Blasts behind Russian lines had major psychological effect on Putin – officials

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Recent explosions deep behind Russia’s lines in Crimea have had a major psychological effect on Moscow’s leadership, with its invasion of Ukraine at “near operational standstill”, Western officials have said.

More than half of the Russian navy’s Black Sea Fleet combat jets were put out of action in blasts last week at the Russian-operated Saky military airfield in western Crimea – an area Moscow previously considered secure, officials said on Friday.

The Kremlin is busy seeking to allocate blame for the debacle and President Vladimir Putin is struggling to hide Ukraine’s success from the Russian population, as thousands of Russians fleeing Crimea have streamed into the country, they said.

One official said: “Ukraine is now consistently achieving kinetic effects deep behind Russia’s lines…

“The incidents have been having a material effect on Russia’s logistics support, but as importantly, there’s a significant psychological effect on the Russian leadership.”

They added that the attacks had forced the Black Sea Fleet into a defensive posture and stymied Russia’s ability to launch a successful amphibious assault on Odesa on Ukraine’s coast.

It comes as the war has entered a phase of “near operational standstill”, with neither side’s ground forces having enough concentrated combat power to launch effective offensive actions.

Russia is facing an increasingly acute shortage of stocks, even of basic munition, as well as manpower issues as it struggles to reconstitute its forces, the Western official said.

“There was a point when there was constant shelling, there was a real high point, particularly around the battle for the Donbas,” they said.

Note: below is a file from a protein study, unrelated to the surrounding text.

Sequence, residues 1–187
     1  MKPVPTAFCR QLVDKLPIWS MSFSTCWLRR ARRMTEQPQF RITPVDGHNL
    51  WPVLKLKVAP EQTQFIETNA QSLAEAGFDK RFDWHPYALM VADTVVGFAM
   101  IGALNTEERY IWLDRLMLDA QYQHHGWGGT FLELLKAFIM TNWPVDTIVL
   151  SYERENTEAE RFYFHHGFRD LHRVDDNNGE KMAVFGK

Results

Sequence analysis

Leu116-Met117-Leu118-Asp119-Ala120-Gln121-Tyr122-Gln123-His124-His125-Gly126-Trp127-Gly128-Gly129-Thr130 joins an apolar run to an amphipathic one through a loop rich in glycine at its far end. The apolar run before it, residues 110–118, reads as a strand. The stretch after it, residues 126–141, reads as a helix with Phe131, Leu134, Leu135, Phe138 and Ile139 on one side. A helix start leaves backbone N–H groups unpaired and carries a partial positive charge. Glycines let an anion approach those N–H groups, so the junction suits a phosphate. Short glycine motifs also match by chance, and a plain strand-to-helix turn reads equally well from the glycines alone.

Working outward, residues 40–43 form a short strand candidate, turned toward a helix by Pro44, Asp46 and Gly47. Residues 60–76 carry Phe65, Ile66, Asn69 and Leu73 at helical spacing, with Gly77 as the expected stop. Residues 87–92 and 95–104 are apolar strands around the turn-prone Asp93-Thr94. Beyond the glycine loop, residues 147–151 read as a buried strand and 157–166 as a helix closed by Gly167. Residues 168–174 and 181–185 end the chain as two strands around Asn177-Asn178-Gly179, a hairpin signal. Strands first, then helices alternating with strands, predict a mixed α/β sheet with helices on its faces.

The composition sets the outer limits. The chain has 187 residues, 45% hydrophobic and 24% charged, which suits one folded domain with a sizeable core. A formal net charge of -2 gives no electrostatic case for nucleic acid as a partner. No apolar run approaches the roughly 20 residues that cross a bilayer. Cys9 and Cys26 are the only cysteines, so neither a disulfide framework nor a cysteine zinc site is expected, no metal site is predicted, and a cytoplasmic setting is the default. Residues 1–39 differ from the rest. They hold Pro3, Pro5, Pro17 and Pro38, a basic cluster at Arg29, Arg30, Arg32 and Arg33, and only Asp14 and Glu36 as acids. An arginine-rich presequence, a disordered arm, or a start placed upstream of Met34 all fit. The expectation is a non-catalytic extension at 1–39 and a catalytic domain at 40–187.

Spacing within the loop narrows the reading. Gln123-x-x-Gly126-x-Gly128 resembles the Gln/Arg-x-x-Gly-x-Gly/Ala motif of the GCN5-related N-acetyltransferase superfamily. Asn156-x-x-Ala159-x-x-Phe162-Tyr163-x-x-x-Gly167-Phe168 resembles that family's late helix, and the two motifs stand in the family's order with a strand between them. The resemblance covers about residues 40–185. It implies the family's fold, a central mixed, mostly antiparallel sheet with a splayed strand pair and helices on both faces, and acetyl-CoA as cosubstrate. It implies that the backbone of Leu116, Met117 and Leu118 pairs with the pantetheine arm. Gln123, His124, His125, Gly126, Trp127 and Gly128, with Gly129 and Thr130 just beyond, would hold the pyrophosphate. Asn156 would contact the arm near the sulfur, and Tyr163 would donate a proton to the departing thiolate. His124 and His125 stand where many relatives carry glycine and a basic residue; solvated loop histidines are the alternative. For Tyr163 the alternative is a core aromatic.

“We aren’t at that high point anymore.

“The whole tempo of the campaign has slowed down, partly because both sides have become more conscious that this is a marathon not a sprint and that expenditure rates and conserving their munitions is important”.

Amid concerns that shelling of the Russian-controlled Zaporizhzhia plant in southern Ukraine – Europe’s largest nuclear power plant – could lead to nuclear catastrophe, the official said it was built to withstand most direct military fire.

They said the main concerns are around the nuclear reactors losing water cooling due to a loss of electricity supply.

At least a dozen civilians were killed by Russian strikes in Ukraine’s second-largest city of Kharkiv this week, according to the Ministry of Defence.

“This civilian suffering provides an unusually stark example of Russian cynicism,” the official said, adding that Moscow was not planning to launch an offensive in the area or gain any major operational advantage from the bombardment.

Meanwhile, the head of the GCHQ intelligence service said Moscow had failed to gain ground in cyberspace against Ukraine.

“So far, President Putin has comprehensively lost the information war in Ukraine and in the West,” Sir Jeremy Fleming wrote in an op-ed in The Economist.

“Just as with its land invasion, Russia’s initial online plans appear to have fallen short.”